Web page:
水獭 : 吃货的基本功

Otter Touch

Sea otters are pretty petite compared to other marine mammals. Which means that, despite their fur coats, they tend to lose heat quickly, and need lots of energy to stay warm.

"So they need to eat 25 percent of their body weight each day." Sarah McKay Strobel, a sensory ecologist at U.C. Santa Cruz. "But in order to eat that much food, that means sea otters need to find all that food. And that's where we come in."

She and her team studied the otter's senses, to solve the mystery of how they're such efficient foragers. Vision isn't reliable, she says—it's pretty dark and murky underwater, and crabs and clams tend to hide. Hearing is also tough for otters, in the noisy underwater environment. And sniffing's no good either. "When they're underwater they're holding their breath."

What's left is touch. So Stroble and her team measured the sensitivity of the otters' paws and whiskers. They blindfolded an otter named Selka, then presented her with plastic plates engraved with tiny grooves, like corduroy. Selka's job was to select the plate with two-millimeter grooves, which she'd been trained to associate with tasty shrimp, instead of plates with differently sized grooves.

Turns out, Selka could perceive just a quarter millimeter difference in the grooves' width with her paws—above and below water—and half a millimeter difference with her whiskers. "The fact she was able to perform so well while moving incredibly quickly I think is really interesting and suggests that sea otters have very quick decision making abilities, and very quick sensory processing abilities, which makes sense when you think about the type of lifestyle they lead and how quickly they need to find food." The full details—and a cute photo of Selka—are in the Journal of Experimental Biology.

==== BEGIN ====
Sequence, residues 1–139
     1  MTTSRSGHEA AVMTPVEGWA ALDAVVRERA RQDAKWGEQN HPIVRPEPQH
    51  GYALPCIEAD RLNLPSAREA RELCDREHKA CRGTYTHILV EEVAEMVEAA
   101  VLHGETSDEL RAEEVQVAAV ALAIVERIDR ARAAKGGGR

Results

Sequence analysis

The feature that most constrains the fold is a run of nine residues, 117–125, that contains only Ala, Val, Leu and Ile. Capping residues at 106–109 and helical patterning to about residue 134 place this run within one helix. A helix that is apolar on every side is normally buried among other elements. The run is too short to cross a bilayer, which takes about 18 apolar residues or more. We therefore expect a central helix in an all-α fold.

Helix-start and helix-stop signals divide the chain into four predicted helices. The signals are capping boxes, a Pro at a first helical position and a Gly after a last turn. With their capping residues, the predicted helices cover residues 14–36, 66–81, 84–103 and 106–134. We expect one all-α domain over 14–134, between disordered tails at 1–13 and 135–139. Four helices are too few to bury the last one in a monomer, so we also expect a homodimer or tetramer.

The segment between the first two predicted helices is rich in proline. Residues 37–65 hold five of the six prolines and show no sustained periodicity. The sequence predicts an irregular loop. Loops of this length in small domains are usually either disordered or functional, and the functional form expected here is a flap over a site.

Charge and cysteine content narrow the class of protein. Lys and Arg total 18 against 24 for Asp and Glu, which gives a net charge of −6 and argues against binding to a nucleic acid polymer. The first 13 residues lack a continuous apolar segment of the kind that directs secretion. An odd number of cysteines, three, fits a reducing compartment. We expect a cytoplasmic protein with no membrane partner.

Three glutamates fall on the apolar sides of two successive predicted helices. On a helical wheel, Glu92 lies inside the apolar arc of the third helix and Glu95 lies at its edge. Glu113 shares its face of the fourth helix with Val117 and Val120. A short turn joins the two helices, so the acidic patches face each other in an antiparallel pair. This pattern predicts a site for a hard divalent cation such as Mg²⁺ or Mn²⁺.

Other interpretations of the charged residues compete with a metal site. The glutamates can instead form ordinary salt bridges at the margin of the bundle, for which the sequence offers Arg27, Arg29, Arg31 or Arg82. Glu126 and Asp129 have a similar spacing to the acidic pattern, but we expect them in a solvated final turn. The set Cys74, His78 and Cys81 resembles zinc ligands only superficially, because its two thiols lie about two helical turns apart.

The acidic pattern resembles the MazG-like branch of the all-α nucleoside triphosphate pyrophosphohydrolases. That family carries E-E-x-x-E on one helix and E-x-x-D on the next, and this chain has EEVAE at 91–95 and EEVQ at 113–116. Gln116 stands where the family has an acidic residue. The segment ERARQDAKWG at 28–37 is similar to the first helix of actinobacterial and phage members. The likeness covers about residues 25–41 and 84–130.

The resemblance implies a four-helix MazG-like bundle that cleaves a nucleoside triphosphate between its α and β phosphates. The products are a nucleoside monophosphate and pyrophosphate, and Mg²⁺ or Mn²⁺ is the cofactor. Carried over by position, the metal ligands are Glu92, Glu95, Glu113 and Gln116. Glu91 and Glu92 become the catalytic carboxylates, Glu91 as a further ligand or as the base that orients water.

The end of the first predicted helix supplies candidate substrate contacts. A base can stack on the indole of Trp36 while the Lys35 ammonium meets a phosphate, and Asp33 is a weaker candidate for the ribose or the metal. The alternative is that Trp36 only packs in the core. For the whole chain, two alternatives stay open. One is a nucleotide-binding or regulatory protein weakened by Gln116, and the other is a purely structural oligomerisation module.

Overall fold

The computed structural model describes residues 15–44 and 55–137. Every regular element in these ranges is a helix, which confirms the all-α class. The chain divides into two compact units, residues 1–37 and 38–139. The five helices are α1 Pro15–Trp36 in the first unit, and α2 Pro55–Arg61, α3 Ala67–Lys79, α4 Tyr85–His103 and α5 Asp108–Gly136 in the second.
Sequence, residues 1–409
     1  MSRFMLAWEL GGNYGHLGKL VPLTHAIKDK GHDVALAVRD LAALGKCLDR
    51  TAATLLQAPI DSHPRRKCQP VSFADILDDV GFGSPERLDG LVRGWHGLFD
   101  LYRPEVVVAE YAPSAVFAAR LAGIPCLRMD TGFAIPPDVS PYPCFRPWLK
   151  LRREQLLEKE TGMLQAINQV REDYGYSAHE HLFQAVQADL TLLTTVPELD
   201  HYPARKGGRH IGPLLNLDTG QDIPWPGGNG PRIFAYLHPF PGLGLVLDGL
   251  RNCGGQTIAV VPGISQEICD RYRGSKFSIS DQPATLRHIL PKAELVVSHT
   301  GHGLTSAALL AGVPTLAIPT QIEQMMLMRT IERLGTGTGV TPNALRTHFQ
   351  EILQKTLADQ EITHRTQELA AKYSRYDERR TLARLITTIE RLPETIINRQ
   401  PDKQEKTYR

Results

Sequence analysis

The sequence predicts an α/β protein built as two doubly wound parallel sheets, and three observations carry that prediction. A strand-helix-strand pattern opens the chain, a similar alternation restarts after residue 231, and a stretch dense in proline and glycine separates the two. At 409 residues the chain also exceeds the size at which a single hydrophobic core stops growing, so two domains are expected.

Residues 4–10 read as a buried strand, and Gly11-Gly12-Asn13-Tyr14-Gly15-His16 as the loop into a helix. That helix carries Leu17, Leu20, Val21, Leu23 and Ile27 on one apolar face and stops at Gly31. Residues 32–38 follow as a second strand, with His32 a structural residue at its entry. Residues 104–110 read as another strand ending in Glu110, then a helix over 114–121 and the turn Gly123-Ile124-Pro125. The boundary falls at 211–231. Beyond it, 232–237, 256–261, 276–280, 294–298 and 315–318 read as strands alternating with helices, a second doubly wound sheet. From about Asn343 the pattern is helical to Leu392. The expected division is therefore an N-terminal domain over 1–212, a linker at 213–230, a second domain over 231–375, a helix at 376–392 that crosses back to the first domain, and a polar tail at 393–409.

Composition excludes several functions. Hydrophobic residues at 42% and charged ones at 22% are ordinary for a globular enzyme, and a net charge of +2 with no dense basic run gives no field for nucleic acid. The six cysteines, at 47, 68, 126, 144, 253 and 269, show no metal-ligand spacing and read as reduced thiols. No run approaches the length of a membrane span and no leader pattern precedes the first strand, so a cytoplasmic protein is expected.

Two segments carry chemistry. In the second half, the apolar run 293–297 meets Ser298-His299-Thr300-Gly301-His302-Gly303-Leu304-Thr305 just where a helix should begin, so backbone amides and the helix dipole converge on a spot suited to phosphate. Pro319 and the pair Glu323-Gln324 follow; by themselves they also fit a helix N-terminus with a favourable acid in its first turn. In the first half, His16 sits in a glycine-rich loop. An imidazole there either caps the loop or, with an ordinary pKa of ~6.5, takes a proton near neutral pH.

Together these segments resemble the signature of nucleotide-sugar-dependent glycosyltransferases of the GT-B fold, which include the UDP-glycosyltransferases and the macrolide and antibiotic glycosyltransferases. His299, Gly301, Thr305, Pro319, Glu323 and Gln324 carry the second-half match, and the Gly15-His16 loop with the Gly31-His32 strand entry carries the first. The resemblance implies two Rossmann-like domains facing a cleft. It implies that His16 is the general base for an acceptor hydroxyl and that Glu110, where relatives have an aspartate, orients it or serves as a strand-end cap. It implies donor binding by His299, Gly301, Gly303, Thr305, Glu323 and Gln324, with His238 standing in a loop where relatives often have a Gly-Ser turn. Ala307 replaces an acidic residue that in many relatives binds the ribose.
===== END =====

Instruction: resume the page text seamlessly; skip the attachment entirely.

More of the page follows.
For the record, humans can feel the difference too, but it takes us 30 times longer. Which might make sense. After all, we evolved in environments where touch was less important in a hunt than were sight and sound.

参考译文

与其他海洋哺乳动物相比,水獭体型相当娇小,这意味着,尽管穿着毛皮大衣,但它们还是常常会热量流失过快,需要摄入大量能量来保暖。

所以他们每天的食量相当于四分之一的体重,加州圣克鲁斯感官生态学家萨拉表示,但要想吃那么多,就得找到那么多食物,这就是我们研究的切入点。

她和团队研究水獭的感官,以研究水獭何以高效觅食。她说,在水下,视力是不可靠的,水下阴暗浑浊,螃蟹和蛤蛎往往隐藏较深。在嘈杂的水下环境中,水獭想靠听觉也很困难。嗅探也不好使,水獭在水下会屏住呼吸。

剩下的是触摸。所以萨拉和团队测量了水獭的爪子和胡须的敏感性。他们蒙住了一只名叫赛尔卡的水獭,然后给它看了一个像灯芯绒似的刻有小凹槽的塑料盘子。赛尔卡的任务,是选择两毫米的、而非其它尺寸的凹槽板,经过训练,如果选对,它就可以吃到美味的虾。

结果,不论水上水下,赛尔卡都能查觉出凹槽宽度的区别,用爪子可以精确到四分之一毫米,用胡须可以精确到半毫米。萨拉说,水獭发挥如此之好,动作快得惊人,真的很有趣,这表明海獭有非常快速的决策能力和感官处理能力。这也就很好地解释了它的生活方式,以及它们为何能迅速找到食物。完整的实验细节和赛尔卡的萌照都发表在实验生物学杂志上。

郑重声明,人类也能感受到差异,但人需要花的时间是水獭的三十倍。这可能也有它的道理的。毕竟在我们进化的环境中,相比视觉和听觉,触觉对觅食并不那么重要。

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